The announcement was greeted more with relief than anything else. The idea seemed logical and rail franchising had never been popular in the first place. It is generally acknowledged that the system did deliver some significant benefits for the railways (not least more than doubling the market) but that it had buckled in the last few years. The problem was driven by several issues, including failures at Network Rail (the Great Western electrification and the 2018 timetable debacle are cited in the White Paper). Less often mentioned are the DfT’s own inflexibility (about which I’ve written before) and tendency to micro-manage. The decade-long collective failure to grasp the pensions nettle did not help, and in the end drove some of the main players out of the market altogether. At least that particular hot potato is firmly back in the Treasury’s court (another cause of discontent for cash-strapped Rishi, one suspects).
However, proponents of full renationalisation have fallen short of total victory. The private sector will still be involved in train operations through the letting of new Passenger Service Contracts. Indeed, the White Paper promises that there will be “new opportunities for innovators, suppliers (including small and local partners) and funders will be created through streamlined contracts and more contestability”.
The removal of full revenue risk from the equation may offer the chance for smaller companies or management teams to bid for smaller contracts – without the need for the large capital injections or parent company guarantees which gradually reduced the number of bidders in the franchising market. We may get another GB Railways or Prism Rail entering the industry – whilst the possibility of smaller operating contracts may yet revive the idea of “micro-franchising” for local and rural lines.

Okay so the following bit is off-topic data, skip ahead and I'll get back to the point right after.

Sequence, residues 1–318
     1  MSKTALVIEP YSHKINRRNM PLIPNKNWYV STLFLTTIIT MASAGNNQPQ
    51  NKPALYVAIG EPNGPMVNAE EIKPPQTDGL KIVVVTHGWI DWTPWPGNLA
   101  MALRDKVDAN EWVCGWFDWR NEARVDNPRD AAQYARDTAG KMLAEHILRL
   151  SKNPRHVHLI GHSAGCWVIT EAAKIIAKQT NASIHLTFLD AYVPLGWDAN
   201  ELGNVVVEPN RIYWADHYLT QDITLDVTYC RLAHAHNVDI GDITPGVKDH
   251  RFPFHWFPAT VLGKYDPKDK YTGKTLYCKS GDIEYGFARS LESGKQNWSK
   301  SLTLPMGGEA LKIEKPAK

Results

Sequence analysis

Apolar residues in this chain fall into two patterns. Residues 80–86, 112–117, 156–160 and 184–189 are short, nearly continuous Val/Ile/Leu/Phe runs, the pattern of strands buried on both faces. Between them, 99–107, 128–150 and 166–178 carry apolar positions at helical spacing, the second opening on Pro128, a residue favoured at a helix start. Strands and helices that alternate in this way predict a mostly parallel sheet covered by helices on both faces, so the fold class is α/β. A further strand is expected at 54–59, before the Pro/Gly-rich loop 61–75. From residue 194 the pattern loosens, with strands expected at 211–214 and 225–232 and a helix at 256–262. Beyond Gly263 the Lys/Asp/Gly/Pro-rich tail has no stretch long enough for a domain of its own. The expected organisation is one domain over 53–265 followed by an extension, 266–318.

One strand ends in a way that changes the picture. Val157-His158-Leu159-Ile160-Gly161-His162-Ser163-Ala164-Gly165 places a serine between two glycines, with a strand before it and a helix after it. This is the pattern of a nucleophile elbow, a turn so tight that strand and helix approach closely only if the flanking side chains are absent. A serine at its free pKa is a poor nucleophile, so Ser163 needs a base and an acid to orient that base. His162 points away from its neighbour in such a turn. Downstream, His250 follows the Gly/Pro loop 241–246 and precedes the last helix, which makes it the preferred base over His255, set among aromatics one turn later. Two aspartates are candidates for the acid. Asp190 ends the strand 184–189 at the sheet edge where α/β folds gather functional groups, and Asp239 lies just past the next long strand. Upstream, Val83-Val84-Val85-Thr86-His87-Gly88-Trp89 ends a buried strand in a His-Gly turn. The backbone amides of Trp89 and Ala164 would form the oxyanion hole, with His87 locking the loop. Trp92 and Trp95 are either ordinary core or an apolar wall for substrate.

However, that is not to say that the new contracts will be risk-free. Far from it. The White Paper identifies five areas where operators will be rewarded and/or penalised:
- Quality of Service
- Running the trains on time
- Passenger experience
- Revenue protection
- Train capacity
In addition, there will be “scorecard linked incentives” for collaboration and innovation as well as revenue incentives and risk-sharing designed to incentivise growth in passenger numbers and revenue. It may be me, but monitoring that little lot feels complex and expensive.
More complexity is added, too. Greater flexibility is promised as passenger numbers recover, including “the possibility for operators to act more commercially on some services, when this is the most value for money option and it is financially sustainable for the operator to take on these responsibilities. As that happens, operators on those routes, predominantly the long-distance ones, will be able to make more decisions including setting more of their own fares and taking more revenue risk.” Whisper it quietly, but that starts to look more like a franchise to me – but the words may in reality be more about creating some revenue upside for the Treasury and keeping the competition authorities onside.